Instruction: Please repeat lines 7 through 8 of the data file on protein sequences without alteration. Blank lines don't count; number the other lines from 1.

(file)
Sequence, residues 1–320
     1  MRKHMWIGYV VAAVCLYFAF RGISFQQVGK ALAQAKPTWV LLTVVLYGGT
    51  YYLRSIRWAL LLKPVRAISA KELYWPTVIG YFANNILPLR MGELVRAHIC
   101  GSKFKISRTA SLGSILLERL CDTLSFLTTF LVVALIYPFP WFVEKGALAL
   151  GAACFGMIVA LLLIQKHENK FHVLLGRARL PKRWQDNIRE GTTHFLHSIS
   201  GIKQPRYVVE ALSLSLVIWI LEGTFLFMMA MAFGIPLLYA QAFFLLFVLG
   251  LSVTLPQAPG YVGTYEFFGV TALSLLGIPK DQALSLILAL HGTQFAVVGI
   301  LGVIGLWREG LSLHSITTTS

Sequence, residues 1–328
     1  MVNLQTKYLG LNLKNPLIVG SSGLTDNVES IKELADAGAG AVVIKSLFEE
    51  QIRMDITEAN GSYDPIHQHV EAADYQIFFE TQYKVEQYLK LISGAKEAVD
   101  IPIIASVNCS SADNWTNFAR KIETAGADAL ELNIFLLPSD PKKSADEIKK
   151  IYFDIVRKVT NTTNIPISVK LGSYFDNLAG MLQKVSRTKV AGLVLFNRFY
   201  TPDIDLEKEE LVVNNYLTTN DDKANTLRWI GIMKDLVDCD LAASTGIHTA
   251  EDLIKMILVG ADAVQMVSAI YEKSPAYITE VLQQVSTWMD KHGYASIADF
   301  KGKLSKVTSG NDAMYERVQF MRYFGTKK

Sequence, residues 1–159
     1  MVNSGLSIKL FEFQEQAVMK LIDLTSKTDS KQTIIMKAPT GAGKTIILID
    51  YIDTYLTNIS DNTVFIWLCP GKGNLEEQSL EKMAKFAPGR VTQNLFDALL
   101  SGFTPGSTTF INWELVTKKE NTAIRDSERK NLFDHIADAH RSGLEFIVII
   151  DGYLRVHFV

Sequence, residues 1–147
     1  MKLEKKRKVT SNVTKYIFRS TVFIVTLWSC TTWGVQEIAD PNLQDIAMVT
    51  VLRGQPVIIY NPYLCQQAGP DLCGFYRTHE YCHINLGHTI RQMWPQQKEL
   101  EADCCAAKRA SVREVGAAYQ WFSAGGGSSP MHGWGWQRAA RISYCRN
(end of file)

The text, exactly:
   251  LSVTLPQAPG YVGTYEFFGV TALSLLGIPK DQALSLILAL HGTQFAVVGI
   301  LGVIGLWREG LSLHSITTTS